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Published: 2006/04/16
by Randy Ray

Live at Town Hall – Eels with Strings

Vagrant 423

Back in the dayI shake the dust off the dust covers that shield dust from the platters stacked nice and neat on a dusty shelf: Frampton Comes Alive, Rock n’ Roll Animal, Nighthawks at the Diner, Rust Never Sleepswell, enough of that. Musicians used to release live albums as career-defining statements that ricocheted vision, radio-friendly songs, the guitar solo as behemoth icon and a few Chuck Berry gems to round out the suburban mix. However, with the ubiquity of live music in the late 20th century, the Hipster Comes Alive as a product of artistic statement has slowly faded away.

Eels, led by the charismatic Mark Oliver Everett, aka E, sidesteps this issue by combining 1990s-era strings with an unplugged venture that reinvents the early 21st century with big raspy Springsteen-meets-Waits vocals in a stone sober back alley. The arrangements are tight and brief and swirl with intimacy, but the real treat is when the Eels collective explore melody and rhythm, such as their headbanging percusso jaunt on “Trouble With Dreams” and the eerie Haunted Mansion tones of “Flyswatter." On the latter, in the foreground mix, an instrument that sounds like a trippy theremin hovers as the band enters into one of their few jam forays. Perhaps less composition and more avant-garde nails on a chalkboard’ heebie-jeebies like this spooky insect-destroyer number would help push this live work into truly unique geography. In the end, melodic tunes negate lazy satanic sneers.

Indeed, speaking of Tom Waits, there are several surreal mysterio pearls on this sublime live show. This is Waits, circa 1975 before the black cigarettes had taken their toll on his vocal cords. It is also Springsteen with stronger lyrical content. The Eels buzz through an intoxicating 22 trails of tears with nary a note of redundant reductionism. To be sure, this is also complex music wrapped in a very simple shade of beat black exotica. Dylan, as he does so often these days, makes an appearance when the band covers “Girl From the North Country” on piano, cello and warm yet wrenching vocals. “Poor Side of Town” features electric and acoustic guitars and has Everett welcoming back an old girlfriend from the rich man’s paradise — bittersweet, honest and sincere with another aching heartbreak plea for peace. “Spunky” shoots towards the stars, hits its target and never lets go while a rotating piano lick colors the pathos; “I’m Going To Stop Pretending That I Didn’t Break Your Heart” just about says it all as the singer hits an apologetic epiphany that circles remorse and stops at depressed dejectionwhere did she go and how does she hear these words?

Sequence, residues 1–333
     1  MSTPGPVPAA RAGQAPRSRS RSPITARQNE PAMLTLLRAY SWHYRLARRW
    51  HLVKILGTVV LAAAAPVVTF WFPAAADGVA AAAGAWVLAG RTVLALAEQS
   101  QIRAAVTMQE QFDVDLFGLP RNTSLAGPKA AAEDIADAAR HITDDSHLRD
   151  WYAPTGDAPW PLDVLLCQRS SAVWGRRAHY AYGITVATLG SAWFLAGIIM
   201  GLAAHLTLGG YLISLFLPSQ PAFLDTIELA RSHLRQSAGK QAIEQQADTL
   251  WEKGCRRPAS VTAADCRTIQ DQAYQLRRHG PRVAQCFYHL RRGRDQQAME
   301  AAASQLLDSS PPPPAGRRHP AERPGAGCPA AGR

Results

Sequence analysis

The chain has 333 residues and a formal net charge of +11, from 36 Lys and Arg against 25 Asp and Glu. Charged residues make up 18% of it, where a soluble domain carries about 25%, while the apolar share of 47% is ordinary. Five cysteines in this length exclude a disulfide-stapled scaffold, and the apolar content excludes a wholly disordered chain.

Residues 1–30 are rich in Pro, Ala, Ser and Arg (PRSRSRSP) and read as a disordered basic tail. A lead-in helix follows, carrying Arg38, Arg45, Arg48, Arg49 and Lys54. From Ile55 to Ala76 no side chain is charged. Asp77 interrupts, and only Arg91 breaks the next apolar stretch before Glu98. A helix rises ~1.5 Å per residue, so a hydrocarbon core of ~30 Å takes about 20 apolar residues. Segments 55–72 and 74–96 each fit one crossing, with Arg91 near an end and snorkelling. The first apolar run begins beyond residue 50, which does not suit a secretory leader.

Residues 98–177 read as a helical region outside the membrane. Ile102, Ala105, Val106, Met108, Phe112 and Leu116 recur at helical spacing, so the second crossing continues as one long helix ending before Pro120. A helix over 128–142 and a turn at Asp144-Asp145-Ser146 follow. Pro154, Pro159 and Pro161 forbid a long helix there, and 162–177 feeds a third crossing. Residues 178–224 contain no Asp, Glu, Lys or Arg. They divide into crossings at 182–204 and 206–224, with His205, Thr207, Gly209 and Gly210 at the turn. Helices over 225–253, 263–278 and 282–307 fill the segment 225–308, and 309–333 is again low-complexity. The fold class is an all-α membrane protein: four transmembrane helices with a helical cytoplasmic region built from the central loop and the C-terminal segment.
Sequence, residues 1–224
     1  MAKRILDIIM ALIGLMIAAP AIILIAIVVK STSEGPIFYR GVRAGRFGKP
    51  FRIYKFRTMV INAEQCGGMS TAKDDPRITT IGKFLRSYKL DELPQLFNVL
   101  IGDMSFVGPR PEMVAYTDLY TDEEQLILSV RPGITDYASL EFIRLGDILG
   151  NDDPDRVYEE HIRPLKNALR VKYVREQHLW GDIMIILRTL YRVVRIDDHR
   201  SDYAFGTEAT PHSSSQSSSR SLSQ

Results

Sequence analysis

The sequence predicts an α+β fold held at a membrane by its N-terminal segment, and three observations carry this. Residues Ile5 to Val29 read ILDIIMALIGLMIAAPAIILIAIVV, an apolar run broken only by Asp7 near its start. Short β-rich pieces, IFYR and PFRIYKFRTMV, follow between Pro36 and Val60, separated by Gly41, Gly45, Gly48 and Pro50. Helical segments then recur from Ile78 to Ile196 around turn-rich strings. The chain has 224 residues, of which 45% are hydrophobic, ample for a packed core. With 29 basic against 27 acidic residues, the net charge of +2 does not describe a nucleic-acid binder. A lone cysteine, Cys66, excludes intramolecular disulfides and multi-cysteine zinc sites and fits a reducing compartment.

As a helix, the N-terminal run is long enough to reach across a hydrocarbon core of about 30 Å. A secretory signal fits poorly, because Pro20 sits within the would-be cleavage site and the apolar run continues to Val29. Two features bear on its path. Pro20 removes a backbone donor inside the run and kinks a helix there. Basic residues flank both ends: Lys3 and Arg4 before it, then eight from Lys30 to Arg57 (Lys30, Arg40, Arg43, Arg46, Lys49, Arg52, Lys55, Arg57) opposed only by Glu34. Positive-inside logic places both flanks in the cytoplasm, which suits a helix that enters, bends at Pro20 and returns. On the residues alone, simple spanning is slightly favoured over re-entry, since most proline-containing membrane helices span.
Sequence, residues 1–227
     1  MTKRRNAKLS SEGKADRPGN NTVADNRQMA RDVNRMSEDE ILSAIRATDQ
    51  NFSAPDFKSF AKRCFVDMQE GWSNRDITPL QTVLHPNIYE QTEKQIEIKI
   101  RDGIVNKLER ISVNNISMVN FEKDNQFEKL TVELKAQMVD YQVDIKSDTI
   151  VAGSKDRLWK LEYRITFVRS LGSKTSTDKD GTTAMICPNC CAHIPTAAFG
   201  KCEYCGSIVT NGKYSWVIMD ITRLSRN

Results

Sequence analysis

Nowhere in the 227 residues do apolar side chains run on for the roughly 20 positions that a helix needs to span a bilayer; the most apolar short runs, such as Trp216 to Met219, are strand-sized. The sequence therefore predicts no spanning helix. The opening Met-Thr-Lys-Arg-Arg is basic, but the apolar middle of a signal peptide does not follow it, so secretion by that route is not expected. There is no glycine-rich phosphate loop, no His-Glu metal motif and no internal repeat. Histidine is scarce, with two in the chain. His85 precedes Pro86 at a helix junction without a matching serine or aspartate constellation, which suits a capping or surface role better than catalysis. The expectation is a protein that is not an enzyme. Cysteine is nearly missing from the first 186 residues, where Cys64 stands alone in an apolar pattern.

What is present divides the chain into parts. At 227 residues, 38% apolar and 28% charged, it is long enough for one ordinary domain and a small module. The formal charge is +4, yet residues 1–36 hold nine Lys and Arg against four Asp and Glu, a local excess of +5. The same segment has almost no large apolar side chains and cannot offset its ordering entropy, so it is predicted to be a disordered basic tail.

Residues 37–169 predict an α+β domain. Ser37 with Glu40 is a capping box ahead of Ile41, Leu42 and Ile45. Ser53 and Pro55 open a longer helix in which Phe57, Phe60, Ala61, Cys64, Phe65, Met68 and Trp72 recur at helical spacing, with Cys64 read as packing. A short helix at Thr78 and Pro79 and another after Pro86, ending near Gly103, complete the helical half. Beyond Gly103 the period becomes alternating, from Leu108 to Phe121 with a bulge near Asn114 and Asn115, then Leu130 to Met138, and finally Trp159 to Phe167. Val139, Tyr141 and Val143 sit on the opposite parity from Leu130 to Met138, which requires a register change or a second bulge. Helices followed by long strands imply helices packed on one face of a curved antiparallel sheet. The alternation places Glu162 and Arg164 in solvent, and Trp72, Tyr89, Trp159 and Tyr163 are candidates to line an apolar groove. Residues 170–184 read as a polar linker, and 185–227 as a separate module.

Back in the day — yesterday, ten, twenty-five, thirty years ago — they (the eternal THEY) made albums like this and we held onto them until the dust collected on the album cover and edges but never really got deep down inside the soul of the record. And one night, ten years gone, it’ll come off the shelf and back onto its true home: “One day, the world will be ready for you and wonder how they didn’t see”

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